South Korea will “determine its stance” on upcoming joint military exercises with the United States to avoid a “serious problem” with North Korea, Unification Minister Lee In-young said Wednesday.
The government’s review will consider issues that include the coronvirus disease 2019 (Covid-19) and the Biden administration’s policy toward North Korea, and will be “in line with denuclearization and a permanent peace settlement on the Korean Peninsula,” Lee said at a briefing with international journalists in downtown Seoul.
“I sincerely hope the two Koreas will cope wisely and flexibly in dealing with this situation so that the issue of joint military exercises does not escalate to a serious problem on the Korean Peninsula,” he said.
Pyongyang has consistently condemned the joint exercises, characterizing them as hostile and a rehearsal for an invasion. In January, North Korean leader Kim Jong Un called for the end of the drills at a party congress, saying they violated a military agreement signed by the two Koreas in 2018.
North Korea has used the military exercises in the past as a pretext for conducting weapons tests of its own, and observers are wondering whether Pyongyang is planning any provocations to welcome in the new administration of US President Joe Biden.
Last week, the Pentagon said that it remained committed to joint training exercises with South Korean forces so to maintain a “readiness posture” against threats from the North.
Lee also defended controversial legislation that bans the sending of anti-North Korea leaflets across the border by defectors and activists – another hot-button issue with the North.
Critics in South Korea and abroad have charged that the impending law, set to take effect March 30, limits freedom of speech and hinders the flow of information to citizens in the reclusive country.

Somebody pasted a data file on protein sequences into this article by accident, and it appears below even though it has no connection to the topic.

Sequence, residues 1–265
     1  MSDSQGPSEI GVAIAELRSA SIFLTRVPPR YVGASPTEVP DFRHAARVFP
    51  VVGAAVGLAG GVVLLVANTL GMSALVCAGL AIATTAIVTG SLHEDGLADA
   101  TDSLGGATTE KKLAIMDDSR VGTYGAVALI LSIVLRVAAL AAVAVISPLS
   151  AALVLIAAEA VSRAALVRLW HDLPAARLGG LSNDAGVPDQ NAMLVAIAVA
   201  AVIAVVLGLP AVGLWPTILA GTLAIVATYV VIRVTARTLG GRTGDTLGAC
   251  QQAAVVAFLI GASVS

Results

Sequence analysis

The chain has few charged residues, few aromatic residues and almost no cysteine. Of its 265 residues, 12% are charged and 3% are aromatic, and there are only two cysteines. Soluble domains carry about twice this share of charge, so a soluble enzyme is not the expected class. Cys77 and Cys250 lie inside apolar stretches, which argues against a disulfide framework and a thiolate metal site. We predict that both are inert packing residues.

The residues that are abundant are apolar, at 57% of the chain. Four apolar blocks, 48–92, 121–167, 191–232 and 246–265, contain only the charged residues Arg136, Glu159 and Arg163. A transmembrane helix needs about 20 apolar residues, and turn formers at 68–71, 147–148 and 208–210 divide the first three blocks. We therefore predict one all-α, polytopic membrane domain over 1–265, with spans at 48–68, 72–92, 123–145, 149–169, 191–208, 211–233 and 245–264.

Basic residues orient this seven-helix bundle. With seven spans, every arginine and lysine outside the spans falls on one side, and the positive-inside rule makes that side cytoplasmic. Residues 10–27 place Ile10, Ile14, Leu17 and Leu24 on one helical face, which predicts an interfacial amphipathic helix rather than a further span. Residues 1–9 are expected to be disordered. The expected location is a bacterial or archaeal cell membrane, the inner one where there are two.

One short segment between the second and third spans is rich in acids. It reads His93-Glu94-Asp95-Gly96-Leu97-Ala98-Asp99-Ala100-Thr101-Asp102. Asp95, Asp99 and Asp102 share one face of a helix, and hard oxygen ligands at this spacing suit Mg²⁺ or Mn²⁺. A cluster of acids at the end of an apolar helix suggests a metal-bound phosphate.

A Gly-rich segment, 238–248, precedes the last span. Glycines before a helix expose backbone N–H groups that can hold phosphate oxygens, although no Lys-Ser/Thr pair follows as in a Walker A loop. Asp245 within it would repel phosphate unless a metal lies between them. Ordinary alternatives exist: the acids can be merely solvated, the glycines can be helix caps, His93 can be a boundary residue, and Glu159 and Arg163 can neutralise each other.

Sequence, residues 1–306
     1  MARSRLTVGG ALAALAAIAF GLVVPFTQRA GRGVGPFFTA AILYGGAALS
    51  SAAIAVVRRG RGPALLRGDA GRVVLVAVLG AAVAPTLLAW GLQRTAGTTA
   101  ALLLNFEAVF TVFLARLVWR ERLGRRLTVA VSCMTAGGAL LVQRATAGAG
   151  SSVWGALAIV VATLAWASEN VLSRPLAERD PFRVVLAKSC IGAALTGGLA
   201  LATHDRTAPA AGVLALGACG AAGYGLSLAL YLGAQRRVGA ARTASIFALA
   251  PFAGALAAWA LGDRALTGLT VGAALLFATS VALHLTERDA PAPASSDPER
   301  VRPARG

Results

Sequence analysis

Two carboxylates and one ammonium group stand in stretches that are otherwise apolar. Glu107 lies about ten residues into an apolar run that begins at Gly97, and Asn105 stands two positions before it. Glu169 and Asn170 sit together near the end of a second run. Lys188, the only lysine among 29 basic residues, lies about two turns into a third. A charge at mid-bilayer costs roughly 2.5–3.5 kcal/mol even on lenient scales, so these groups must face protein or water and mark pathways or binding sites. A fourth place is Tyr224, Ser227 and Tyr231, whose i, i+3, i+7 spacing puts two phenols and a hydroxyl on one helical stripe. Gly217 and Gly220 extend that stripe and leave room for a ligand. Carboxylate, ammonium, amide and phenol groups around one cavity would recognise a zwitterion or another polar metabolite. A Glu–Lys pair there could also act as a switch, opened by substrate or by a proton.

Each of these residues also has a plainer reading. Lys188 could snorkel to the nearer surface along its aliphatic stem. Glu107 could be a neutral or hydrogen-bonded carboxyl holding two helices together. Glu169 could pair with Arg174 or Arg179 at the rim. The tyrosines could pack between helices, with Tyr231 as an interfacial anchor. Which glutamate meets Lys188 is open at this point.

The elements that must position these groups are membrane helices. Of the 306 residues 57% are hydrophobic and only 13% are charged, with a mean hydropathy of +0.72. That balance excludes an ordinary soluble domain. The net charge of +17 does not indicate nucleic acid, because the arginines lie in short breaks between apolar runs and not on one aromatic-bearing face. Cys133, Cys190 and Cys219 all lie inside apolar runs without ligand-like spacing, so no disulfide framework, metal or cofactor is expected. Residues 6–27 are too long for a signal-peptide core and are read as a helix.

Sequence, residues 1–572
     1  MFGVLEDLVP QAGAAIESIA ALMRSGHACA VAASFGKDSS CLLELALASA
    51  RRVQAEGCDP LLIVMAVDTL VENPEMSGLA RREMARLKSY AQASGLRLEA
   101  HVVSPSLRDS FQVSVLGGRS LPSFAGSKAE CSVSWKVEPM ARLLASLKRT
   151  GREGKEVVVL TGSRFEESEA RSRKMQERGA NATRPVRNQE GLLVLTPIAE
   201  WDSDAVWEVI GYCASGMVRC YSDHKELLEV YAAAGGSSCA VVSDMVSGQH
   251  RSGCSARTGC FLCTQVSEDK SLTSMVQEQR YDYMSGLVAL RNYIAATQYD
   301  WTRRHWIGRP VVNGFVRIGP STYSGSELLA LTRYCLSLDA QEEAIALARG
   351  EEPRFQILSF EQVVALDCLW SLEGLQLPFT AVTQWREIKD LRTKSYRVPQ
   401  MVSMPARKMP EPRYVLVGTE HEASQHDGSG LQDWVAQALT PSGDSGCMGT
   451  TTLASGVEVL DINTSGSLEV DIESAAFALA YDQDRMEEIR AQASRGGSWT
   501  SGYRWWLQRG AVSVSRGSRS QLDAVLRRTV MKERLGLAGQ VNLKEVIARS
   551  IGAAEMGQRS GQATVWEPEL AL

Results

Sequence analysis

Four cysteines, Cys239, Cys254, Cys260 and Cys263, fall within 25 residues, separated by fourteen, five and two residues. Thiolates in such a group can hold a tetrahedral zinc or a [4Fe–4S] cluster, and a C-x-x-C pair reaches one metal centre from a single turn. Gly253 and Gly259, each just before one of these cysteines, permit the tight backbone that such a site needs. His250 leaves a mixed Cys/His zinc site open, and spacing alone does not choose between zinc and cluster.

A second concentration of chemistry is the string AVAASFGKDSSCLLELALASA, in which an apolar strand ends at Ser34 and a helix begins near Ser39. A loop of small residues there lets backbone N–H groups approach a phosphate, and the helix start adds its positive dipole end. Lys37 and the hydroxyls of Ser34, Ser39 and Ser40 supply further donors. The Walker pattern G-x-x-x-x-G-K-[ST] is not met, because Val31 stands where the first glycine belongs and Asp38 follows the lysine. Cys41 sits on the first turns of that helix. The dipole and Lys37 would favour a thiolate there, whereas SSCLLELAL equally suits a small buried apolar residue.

“I want to make it clear that the purpose of the amendment was to protect the life and safety of the 1.12 million living along the border area [with the North],” Lee said.
CRITICISMS VS SOUTH KOREA
US Rep. Chris Smith has said he intends to convene a hearing in Congress “to examine the South Korean government’s failure to uphold civil and political rights.”
Lee said Wednesday that Seoul and Washington have had “close communications in order to relieve some of the misunderstandings that the two governments have” over the law.
The minister addressed local media reports alleging that the administration of President Moon Jae-in had plans to help North Korea build a nuclear power plant, calling the claims “a baseless argument.”
“The Ministry of Unification is in charge of inter-Korean cooperation and we’ve never had discussions with North Korea about building a nuclear power plant,” Lee said.
He said the situation on the Korean Peninsula is at an “inflection point,” with Seoul looking to restart the peace process through close coordination with Washington.
“We understand that the Biden administration is seriously and carefully reviewing their North Korea policy, including previous policies [such as] sanctions and diplomatic approaches,” Lee said.
The two countries “will be able to engage in consultation with the North based on a mutual understanding of the importance of issues on the Korean Peninsula” he added.
Seoul is also aiming to directly improve inter-Korean relations through humanitarian cooperation, including assistance in fighting the Covid-19 pandemic, Lee said.
In November, Lee offered to provide Covid-19 vaccines and treatments to North Korea, a gesture echoed last week by Prime Minister Chung Sye-kyun.
Relations with Pyongyang have been frozen since North Korea cut off all communication with the South last spring, but Lee said that Seoul is looking to rekindle dialogue on an accelerated timetable.
“The South Korean government wants to resume dialogue in the first half of the year so that we might be able to put the peace process back on track in the second half of the year,” he said.